Every month, midwife Dieuwke Ottens talks about what she experiences in her practice as a midwife. This time the FAS syndrome takes center stage.
Last week Inge came to the consultation hour. I know Inge as a client who is always very conscious in her pregnancy. She eats consciously, sports and has a pleasant job that fully understands her pregnancy. This way she can take the rest she sometimes needs.
Out of nowhere she asked about FAS syndrome. While exercising, a friend indicated that she knew someone who has a child with FAS syndrome. It could have something to do with alcohol. She was particularly disbelief: “You don't drink when you're pregnant, do you?”. That is also the moral in the Netherlands. But what seems easy in theory is not necessarily so in practice.
We went on an investigation together. We soon ended up on the website of the FAS Foundation.
FAS/D: Fetal Alcohol Syndrome and Spectrum Disorders (FAS/D)
If a woman drinks alcohol during pregnancy, it can harm the baby in her tummy. Is the baby born with abnormalities and/or brain damage as a result of alcohol? Then they fall under the name FAS/D.
There are several forms of FAS/D:
- Fetal Alcohol Syndrome (FAS)
- Part FAS
- Alcohol-related birth defects
- Alcohol-related damage to brain development
How common are FAS and FASD?
On the website of the FAS Foundation we read this:
“Globally, the number of children born with FASD is estimated to be 7.7 per 1,000 births (0.77%). In Europe this is almost three times as many: 19.8 children per 1000 births (1,98%). The number of children with FAS worldwide is estimated to be 1.5 per 1,000 births (0.15%). There are no separate figures available for the Netherlands.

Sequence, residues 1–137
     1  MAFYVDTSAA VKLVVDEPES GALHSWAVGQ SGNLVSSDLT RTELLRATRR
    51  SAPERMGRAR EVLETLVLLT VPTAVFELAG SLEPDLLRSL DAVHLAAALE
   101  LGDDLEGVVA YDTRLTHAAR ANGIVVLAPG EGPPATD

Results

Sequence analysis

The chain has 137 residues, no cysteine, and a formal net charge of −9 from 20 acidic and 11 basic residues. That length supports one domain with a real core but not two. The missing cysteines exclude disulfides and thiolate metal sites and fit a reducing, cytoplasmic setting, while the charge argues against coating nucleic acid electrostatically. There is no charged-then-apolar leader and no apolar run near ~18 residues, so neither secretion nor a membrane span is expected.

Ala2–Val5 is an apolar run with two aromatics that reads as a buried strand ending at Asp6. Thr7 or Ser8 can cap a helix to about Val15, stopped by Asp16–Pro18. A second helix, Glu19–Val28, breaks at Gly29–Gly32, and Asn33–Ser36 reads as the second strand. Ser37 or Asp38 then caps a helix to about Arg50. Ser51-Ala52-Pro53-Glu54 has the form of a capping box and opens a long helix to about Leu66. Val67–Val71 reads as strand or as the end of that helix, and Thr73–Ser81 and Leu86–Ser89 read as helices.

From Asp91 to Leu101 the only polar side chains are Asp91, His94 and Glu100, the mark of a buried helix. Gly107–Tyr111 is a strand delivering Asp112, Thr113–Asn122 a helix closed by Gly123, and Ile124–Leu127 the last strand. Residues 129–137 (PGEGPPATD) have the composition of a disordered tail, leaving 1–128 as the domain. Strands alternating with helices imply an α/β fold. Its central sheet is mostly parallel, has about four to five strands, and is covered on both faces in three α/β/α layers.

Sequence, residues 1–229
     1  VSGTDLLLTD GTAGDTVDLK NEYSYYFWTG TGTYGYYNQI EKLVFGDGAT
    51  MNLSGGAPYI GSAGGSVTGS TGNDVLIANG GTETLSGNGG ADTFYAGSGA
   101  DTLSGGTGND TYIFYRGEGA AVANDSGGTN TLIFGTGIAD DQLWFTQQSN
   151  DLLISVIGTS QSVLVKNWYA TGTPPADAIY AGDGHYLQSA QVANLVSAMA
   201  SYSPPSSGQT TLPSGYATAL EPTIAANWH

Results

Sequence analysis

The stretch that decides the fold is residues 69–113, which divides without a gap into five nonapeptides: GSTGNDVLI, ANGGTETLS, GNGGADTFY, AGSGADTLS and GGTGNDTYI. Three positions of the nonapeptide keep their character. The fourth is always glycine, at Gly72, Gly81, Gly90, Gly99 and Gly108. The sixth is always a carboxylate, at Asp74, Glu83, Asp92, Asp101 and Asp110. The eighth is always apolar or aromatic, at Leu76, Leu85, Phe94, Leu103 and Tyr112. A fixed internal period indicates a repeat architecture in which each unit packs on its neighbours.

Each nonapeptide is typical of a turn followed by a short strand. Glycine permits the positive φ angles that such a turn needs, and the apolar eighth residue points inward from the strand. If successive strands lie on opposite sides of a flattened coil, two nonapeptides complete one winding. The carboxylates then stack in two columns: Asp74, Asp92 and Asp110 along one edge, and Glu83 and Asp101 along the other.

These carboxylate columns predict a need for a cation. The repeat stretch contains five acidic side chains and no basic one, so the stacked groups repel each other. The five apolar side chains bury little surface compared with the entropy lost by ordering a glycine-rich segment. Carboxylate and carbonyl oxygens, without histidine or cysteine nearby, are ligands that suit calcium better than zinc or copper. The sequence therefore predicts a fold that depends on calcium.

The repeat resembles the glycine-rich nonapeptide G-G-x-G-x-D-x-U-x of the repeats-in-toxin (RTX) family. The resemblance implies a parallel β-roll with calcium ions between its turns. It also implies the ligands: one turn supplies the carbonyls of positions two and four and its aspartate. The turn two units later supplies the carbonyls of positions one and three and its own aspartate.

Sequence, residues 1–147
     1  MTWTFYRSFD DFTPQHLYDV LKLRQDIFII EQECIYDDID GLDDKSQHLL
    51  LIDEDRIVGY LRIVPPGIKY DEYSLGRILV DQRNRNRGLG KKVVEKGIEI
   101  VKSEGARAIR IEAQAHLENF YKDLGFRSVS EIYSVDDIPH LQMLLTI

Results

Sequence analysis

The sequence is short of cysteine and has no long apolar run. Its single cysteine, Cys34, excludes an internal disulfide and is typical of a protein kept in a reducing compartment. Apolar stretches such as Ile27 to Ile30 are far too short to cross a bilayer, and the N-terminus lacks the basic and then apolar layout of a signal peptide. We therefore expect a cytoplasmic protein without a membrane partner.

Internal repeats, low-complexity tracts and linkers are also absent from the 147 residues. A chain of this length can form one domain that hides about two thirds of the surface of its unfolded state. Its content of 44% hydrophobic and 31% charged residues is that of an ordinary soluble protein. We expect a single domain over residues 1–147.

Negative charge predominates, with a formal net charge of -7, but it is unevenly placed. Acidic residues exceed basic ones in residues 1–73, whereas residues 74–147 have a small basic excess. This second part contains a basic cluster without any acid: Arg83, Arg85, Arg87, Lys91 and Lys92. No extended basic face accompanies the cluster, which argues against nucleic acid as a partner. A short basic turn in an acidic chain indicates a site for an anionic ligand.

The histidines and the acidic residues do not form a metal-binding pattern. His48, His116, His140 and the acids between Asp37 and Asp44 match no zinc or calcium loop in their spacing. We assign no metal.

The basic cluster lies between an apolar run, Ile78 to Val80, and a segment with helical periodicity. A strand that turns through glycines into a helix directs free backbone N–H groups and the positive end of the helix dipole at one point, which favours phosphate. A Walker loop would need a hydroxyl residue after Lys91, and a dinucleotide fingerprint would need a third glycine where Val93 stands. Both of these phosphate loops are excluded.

The figures are difficult to translate because they are based on the alcohol consumption reported by the mothers themselves. So if the mother hasn't stated anything about it, FASD or FAS is probably not being thought of. So it is possible that FASD and FAS are more common than is currently known.”
Quite shocking numbers when you see them like that on a website. We read further:
“FAS is 100% preventable by not drinking during pregnancy. The damage that alcohol can cause during fetal development cannot be reversed. It is clear that in particular excessive drinking (drinking more than 14 glasses a week) and binge drinking (drinking 5 or more alcoholic drinks per occasion) greatly increase the risk of FAS.”
For Inge, but also for me, another moment of awareness to continue to pay attention to an alcohol-free pregnancy.
|Dieuwke has been a full-time midwife for 20 years. She guides pregnant women and their partners. During pregnancy, childbirth and also after childbirth. She has assisted more than 1,300 deliveries. As a result, she has a lot of experience. There is hardly a question that she has not yet heard.
And since 2015 she is a sexual health consultant (NVVS) at the Dutch Society for Sexology. She answers all kinds of questions about sexuality. For example, questions about pain during sex. Or that partners both have different sexual desires during or after pregnancy. And men with erection problems also come to talk to her.